Limited Edition: Cleansing Balm with Organic Camellia Oil

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Bisabolol dangers.

Are there any risks associated with the use of bisabolol in cosmetics?

Whether derived from plants or synthesised, bisabolol is an active ingredient increasingly used in skin and hair care. It has numerous benefits, but are there any risks to be aware of before using it topically or on the hair?

Summary
Published January 31, 2024, by Pauline, Head of Scientific Communication — 3 min read

Bisabolol: The Essential Knowledge.

Bisabolol, also known as levomenol, is a monocyclic sesquiterpenic alcohol found in certain essential oils. It is notably present in wild chamomile and candeia. Whether of natural or synthetic origin, the bisabolol is an active ingredient with multiple virtues incorporated into various cosmetic treatments. Its use is suitable for all skin types, and is particularly suitable for sensitive, irritated or dry skin.

Bisabolol offers numerous benefits to the skin as well as the scalp. Acting as a humectant, it retains the water present in the epidermis and minimises insensible losses, thus helping to maintain the skin barrier. Bisabolol also possesses antioxidant properties, enabling it to protect the skin from oxidative stress. Finally, several studies have highlighted the potential healing and soothing effects of this ingredient, as well as its anti-inflammatory and antibacterial actions.

Are there any contraindications to the topical application of bisabolol?

The bisabolol incorporated in skincare or haircare products is a safe ingredient. To date, no side effects have been associated with its use. In HRIPT (Human Repeat Insult Patch Test) hypoallergenic tests, which aim to determine whether an ingredient can cause harmful, irritating or allergic reactions on the skin, no sensitisation of the skin was noted for the application of 5500 μg/cm2 of bisabolol.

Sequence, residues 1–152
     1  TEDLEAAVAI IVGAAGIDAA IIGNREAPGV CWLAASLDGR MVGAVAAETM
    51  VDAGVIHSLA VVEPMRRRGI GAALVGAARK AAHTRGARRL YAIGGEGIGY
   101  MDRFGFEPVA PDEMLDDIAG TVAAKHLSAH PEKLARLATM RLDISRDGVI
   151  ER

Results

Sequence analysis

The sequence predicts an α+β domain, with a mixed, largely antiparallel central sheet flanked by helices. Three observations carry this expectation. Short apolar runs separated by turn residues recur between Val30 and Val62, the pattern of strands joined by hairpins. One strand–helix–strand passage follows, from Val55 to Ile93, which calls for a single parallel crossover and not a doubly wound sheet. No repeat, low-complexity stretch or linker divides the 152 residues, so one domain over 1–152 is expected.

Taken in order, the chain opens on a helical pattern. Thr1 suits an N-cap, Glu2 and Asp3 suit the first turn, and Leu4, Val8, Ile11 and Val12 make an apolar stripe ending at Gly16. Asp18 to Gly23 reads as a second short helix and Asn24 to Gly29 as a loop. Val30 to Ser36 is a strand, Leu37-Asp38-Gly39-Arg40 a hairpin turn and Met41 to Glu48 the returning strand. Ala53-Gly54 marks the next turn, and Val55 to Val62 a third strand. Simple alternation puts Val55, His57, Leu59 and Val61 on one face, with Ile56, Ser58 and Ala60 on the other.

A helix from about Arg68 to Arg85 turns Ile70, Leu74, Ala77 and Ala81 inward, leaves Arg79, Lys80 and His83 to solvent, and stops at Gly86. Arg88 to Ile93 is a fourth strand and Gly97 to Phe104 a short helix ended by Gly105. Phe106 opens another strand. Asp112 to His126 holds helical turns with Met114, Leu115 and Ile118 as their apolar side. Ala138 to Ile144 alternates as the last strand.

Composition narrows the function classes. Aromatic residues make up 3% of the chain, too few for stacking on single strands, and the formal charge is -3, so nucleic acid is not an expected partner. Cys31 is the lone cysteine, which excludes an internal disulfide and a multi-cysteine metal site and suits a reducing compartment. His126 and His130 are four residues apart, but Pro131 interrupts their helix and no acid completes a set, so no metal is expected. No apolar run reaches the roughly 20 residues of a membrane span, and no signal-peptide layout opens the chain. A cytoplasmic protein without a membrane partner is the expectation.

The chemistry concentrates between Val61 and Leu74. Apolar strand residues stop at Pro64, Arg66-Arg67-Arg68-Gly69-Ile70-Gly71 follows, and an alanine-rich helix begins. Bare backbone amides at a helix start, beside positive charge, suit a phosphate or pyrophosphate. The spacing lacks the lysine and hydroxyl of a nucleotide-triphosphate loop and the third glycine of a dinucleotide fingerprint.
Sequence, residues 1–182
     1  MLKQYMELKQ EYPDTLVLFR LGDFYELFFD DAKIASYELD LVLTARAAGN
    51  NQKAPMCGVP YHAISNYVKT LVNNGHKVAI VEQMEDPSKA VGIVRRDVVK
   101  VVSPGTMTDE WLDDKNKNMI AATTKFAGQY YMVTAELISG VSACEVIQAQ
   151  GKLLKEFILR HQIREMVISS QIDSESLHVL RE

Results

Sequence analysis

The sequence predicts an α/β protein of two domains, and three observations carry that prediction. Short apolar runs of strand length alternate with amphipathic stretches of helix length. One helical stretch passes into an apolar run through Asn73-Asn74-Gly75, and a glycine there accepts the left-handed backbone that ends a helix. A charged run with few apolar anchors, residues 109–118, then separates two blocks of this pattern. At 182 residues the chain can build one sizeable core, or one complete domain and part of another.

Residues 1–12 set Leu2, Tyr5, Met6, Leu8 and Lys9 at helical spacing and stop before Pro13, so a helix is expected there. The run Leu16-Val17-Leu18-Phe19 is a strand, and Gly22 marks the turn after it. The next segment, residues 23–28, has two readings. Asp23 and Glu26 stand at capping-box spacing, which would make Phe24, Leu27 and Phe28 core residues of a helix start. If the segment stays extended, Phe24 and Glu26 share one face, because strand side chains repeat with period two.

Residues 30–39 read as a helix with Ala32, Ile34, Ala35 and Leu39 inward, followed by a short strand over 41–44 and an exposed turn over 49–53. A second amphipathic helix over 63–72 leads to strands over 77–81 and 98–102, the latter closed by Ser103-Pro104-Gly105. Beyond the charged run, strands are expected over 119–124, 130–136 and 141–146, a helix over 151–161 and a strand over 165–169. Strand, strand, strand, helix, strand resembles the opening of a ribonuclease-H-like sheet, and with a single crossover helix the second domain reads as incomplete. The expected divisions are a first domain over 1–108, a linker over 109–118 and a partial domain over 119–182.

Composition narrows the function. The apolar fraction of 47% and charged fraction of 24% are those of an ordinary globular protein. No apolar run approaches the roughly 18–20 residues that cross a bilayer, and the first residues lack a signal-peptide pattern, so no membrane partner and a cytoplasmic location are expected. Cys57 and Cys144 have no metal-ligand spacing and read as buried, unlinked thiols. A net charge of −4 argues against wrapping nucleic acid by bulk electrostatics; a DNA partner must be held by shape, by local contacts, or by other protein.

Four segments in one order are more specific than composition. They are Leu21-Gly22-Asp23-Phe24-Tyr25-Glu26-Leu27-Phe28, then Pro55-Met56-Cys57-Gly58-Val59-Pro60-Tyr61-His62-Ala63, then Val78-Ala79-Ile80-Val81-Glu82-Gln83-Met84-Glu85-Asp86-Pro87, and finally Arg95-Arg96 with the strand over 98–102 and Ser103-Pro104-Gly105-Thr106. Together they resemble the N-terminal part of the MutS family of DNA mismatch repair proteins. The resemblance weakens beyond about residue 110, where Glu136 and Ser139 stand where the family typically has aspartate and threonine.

Similarly, it has been demonstrated that the topical application of a 5% bisabolol solution on shaved guinea pigs followed by exposure to UV radiation does not lead to photo-allergy or photo-toxicity. Considered very gentle, bisabolol is indeed the preferred active ingredient for delicate skin prone to irritation, itching and inflammation.

Even at low doses, bisabolol is effective and is typically incorporated at 1% in cosmetic formulations. However, it should be noted that there is currently no limit in terms of concentration in European cosmetic regulations. Furthermore, the topical application of bisabolol is safe during pregnancy.

Finally, one last thing to know about the potential risks of bisabolol: this active ingredient has the ability to increase the penetration of other cosmetic actives present in a formula. However, this does not pose any risks when they themselves have proven safety.

Sources

  • ARNAO M. & al. Chamomile (Matricaria chamomilla L.): A Review of Ethnomedicinal Use, Phytochemistry and Pharmacological Uses. Life (2022).

  • OJHA S. & al. Health Benefits, Pharmacological Effects, Molecular Mechanisms, and Therapeutic Potential of α-Bisabolol. Nutrients (2022).

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